Do you have a cervix? If so, that means you are at risk of getting cervical cancer. The good news is that cervical cancer is highly preventable and treatable. Typically abnormal cervical cells, that cause cervical cancer, develop over several years which provides ample time to detect and treat.
With access to information, routine gynecology care, and preventive services, most cases of the disease can be prevented and successfully treated at an early stage. If caught early before the cancer has spread, the five-year survival rate is over 90 percent.
January has been designated as Cervical Health Awareness Month to help raise awareness about cervical health, HPV, and the importance of early detection through regular cervical cancer screenings.
For women in the United States, cervical cancer was once a leading cause of cancer death. Today, the impact of cervical cancers has been greatly reduced due to screening and prevention. However, in the United States nearly 14,100 women received a diagnosis of cervical cancer and 4,300 died from the disease last year, according to the National Cancer Institute.
Early-detection and screening are key components for prevention and treatment of cervical cancer. Human papillomavirus (HPV) infection causes almost all cases of cervical cancer. The vast majority of HPV cases can be prevented with vaccines that protect against the virus. Moreover, cervical cancer can be caught and treated at the precancerous stage with regular Pap tests.
What is Cervical Cancer?
Cervical cancer is a disease in which cancer cells arise in the cervix, which connects the uterus to the vagina. HPV, a common sexually transmitted infection that rarely shows symptoms and is usually harmless, is almost always the cause of cervical cancer. Most people will get HPV in their lifetime and the HPV infection usually goes away on its own without causing any damage. However, certain types of HPV can eventually lead to cervical cancer.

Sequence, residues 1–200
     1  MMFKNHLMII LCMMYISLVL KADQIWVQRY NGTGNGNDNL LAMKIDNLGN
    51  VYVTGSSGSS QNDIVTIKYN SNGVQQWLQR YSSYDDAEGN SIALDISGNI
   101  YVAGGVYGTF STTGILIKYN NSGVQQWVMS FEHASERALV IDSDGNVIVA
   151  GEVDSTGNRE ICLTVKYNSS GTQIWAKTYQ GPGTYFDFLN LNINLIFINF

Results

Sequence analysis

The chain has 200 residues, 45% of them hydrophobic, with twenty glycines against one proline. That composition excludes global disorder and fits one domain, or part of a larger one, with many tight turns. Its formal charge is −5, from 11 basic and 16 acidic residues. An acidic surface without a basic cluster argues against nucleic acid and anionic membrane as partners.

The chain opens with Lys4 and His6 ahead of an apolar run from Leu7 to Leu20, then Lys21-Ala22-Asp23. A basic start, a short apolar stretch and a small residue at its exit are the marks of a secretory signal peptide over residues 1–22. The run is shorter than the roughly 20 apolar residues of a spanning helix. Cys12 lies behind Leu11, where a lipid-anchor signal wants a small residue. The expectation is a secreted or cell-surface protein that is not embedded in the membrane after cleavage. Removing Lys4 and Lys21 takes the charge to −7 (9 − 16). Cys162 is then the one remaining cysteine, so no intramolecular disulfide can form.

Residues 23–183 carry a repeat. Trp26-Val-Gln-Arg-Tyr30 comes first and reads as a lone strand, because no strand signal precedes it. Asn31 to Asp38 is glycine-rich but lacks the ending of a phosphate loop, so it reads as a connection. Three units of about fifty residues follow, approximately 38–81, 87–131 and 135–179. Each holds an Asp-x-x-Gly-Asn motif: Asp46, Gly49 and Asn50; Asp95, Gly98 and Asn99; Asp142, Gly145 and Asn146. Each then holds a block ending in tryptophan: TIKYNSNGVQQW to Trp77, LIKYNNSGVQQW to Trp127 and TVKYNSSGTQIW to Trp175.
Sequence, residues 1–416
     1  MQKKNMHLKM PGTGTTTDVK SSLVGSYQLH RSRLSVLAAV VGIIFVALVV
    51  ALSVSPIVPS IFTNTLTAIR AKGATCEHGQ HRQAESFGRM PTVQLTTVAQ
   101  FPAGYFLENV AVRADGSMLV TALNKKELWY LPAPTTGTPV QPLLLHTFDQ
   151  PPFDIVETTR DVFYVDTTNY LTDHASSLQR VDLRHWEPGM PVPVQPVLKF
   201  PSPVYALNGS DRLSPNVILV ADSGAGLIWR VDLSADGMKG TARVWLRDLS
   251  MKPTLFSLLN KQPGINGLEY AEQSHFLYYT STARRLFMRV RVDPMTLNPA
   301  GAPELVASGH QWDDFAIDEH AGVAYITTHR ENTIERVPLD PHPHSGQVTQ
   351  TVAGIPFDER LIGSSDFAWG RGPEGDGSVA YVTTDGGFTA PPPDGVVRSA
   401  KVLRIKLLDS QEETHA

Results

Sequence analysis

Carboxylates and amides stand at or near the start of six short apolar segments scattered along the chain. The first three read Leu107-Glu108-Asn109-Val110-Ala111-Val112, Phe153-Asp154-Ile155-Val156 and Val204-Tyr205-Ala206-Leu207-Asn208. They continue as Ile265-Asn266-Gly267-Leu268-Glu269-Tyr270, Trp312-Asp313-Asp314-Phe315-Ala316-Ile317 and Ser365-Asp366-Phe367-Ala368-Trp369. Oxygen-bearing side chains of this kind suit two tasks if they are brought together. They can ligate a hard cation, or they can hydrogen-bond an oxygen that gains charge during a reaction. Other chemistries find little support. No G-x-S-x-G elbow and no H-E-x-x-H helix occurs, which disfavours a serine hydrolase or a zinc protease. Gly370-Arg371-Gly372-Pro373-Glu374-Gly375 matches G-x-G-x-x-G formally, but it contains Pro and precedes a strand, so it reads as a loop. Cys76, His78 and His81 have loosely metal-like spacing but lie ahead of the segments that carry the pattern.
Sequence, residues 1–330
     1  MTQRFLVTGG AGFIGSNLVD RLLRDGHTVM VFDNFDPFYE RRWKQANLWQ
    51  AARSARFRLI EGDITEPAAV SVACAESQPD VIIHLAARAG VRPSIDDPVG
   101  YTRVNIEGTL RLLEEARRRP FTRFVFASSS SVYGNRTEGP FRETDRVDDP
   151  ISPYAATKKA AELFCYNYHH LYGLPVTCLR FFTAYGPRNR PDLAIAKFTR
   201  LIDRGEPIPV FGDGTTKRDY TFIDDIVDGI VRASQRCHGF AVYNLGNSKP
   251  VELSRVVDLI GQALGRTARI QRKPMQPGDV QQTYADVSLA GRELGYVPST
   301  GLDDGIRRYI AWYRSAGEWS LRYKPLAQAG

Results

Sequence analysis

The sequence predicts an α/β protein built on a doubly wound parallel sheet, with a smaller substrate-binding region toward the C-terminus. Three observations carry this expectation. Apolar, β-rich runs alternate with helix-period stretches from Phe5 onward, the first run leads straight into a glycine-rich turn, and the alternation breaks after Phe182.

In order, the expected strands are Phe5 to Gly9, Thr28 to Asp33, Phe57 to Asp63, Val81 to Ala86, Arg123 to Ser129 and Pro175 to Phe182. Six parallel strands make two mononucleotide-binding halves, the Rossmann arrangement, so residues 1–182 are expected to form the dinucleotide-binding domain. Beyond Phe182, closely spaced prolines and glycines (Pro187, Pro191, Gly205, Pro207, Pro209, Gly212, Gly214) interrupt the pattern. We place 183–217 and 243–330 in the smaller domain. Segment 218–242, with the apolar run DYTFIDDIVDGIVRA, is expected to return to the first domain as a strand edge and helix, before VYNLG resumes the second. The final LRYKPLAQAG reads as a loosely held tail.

Who Gets Cervical Cancer?
Although almost no one should die from the disease, women of color, women living in poverty, and those without health insurance are more frequently diagnosed with cervical cancer and die at a higher rate than others. There are racial disparities in cervical cancer diagnoses and deaths in the US. Latinas are diagnosed more frequently with cervical cancer and black women die of the disease at a higher rate than other races. In the state of Georgia, black women are almost one and a half times as likely to die of cervical cancer as white women, are more likely to have never been screened for cervical cancer, are diagnosed at a later stage, and have lower five-year survival rates.
Get Screened for Cervical Cancer
Cervical cancer is one of the most treatable forms of cancer if detected early. A simple pap test can detect the disease since it develops slowly. Usually, doctors recommend that women get a pap test every one to three years. However, some women have medical conditions or health histories that may require more frequent testing. Talk to your doctor about getting screened for cervical cancer.
Be proactive about Cervical Health
If you have a cervix then you need to be vigilant against cervical cancer. Vaccination, STD testing, and regular screening are all easy steps that can have huge benefits to your lifelong health. Cervical cancer is preventable and treatable, so get tested and screened today!